Dribbles per Game, Germans, Tiki-Taka, and Overhead Slams

What role doees dribbling have in the modern soccer game?  Watching the US Women play New Zealand today in the Olympics reminded me of how we can teach and coach dribbling right out of the game.  Every licensing course I attend the instructors lament the lack of creative, playmaking ball masters, while at the same time we seem to assembly line produce one touch passers.  And now, since Spain and Barcelona’s success, everyone assumes it is the style of game that is the most successful.  In fact, if you ask most people to describe the Spanish or Barcelona style of play, the one word that you would hear most is passing or Tika-Taka.  I can think of a few more (movement, pressure).

At whoscored.com, you can sort stats for teams and individuals in offensive and defensive categories.  One of the categories is “dribbles per game.”  The date is collected by Opta Sports.  They define their dribble state as follows:


This is an attempt by a player to beat an opponent in possession of the ball. A successful dribble means the player beats the defender while retaining possession, unsuccessful ones are where the dribbler is tackled, Opta also log attempted dribbles where the player overruns the ball.


So, at the professional level, what teams succeed at this category?  Surprisingly, of the top 10 teams, 9 of them compete in the Bundesliga,  Only Barcelona, number 9, is ranked in the top 20.  The Bundesliga not only made of 9 of the first 10, but only one other team made it in the Top Twenty.  Here is the list:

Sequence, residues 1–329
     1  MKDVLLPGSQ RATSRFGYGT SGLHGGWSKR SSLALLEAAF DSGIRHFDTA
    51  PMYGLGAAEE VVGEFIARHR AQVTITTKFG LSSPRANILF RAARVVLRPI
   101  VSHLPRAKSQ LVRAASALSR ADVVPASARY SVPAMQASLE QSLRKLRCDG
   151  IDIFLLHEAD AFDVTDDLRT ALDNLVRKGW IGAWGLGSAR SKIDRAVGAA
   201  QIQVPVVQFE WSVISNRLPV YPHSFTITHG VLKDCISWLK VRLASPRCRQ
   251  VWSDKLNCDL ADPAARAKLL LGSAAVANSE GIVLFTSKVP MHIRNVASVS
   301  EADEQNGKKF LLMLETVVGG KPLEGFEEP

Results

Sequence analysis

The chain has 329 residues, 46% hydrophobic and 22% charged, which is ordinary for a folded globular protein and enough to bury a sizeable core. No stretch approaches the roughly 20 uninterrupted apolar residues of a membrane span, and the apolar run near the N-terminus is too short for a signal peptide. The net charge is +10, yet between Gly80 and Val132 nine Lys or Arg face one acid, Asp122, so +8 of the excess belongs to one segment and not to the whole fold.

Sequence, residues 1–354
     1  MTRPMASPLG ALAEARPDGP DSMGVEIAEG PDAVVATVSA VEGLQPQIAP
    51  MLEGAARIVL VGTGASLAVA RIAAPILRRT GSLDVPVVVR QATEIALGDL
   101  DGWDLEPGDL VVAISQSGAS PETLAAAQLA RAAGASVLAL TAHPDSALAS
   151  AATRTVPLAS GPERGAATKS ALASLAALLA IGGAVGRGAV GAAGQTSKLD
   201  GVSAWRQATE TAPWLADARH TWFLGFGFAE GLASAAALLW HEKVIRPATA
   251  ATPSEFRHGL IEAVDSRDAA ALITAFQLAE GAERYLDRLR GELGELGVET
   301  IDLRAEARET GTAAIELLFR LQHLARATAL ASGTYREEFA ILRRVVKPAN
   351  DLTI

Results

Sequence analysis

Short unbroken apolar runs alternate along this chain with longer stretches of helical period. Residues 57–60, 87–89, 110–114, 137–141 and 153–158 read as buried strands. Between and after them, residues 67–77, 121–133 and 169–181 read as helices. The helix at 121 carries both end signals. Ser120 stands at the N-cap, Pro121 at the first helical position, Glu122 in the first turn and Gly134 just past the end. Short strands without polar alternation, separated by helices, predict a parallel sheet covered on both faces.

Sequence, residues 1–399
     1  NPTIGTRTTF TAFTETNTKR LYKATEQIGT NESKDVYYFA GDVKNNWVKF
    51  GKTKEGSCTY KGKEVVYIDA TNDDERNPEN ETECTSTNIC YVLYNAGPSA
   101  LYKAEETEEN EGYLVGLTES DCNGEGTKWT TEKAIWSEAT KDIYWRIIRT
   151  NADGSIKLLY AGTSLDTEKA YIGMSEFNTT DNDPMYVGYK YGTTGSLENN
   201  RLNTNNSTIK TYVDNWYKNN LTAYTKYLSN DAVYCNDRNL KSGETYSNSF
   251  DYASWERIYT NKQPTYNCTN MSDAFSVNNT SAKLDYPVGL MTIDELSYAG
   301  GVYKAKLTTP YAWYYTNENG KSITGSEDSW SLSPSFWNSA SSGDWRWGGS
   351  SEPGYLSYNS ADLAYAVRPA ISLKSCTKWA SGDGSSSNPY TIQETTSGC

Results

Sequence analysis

R Team Tournament Shots pg Shots OT pg Dribbles pg
1 Hamburger SV Bundesliga 13.2 4.8 16.6
2 Hoffenheim Bundesliga 13.4 4.3 16.6
3 Werder Bremen Bundesliga 14.9 4.6 16.4
4 Bayern Munich Bundesliga 15.7 6.3 15.7
5 Schalke 04 Bundesliga 13.7 5.6 13.9
6 Mainz 05 Bundesliga 12.6 4.4 13.9
7 Borussia Dortmund Bundesliga 16.6 6.3 13.4
8 Bayer Leverkusen Bundesliga 12.9 5.5 13.4
9 Barcelona La Liga 16.5 7.6 13.2
10 Freiburg Bundesliga 12.1 4.3 12.9
11 Hertha Berlin Bundesliga 11.1 3.8 12
12 Hannover 96 Bundesliga 12.2 4.1 11.9
13 Nurnberg Bundesliga 12.6 4.1 11.9
14 Augsburg Bundesliga 11.3 3.9 11.9
15 VfB Stuttgart Bundesliga 13.9 5.7 11.8
16 Kaiserslautern Bundesliga 12.6 4.1 11.7
17 Borussia M.Gladbach Bundesliga 13 5 11.3
18 Wolfsburg Bundesliga 12.4 4.8 11
19 FC Cologne Bundesliga 8.9 3.3 10.6
20 Lecce Serie A 11.3 3.6 10.3

When I first saw this, my first thought, cynic that I am, is that they must be keeping better stats in Germany.  Or maybe they are more consistent with their record keeping.  But, assuming the statistics accurately reflect what is going on in the game, it seems apparent that their are more one on one dribble challenges occurring in Germany.  Notice the one team that makes it in the Top 10 – pass-happy Barcelona.

The German trend is also reflected in the individual stats.    Like the team stats, I sorted these according to the dribbles/game column:

R Name Team Pos Apps G A SpG KP Drb
1 Gökhan Töre Hamburger SV M(R) 16(6) 6 1 1.9 5.3
2 Lionel Messi Barcelona AM(R),FW 36(1) 50 16 5.5 2.5 4.8
3 Ryan Babel Hoffenheim AM(CLR),FW 28(3) 4 2 2.1 1.2 4.2
4 Franck Ribéry Bayern Munich AM(L) 27(5) 12 12 2.2 2.1 4
5 Jefferson Montero Betis AM(LR) 26(6) 1 3 1.9 0.9 3.6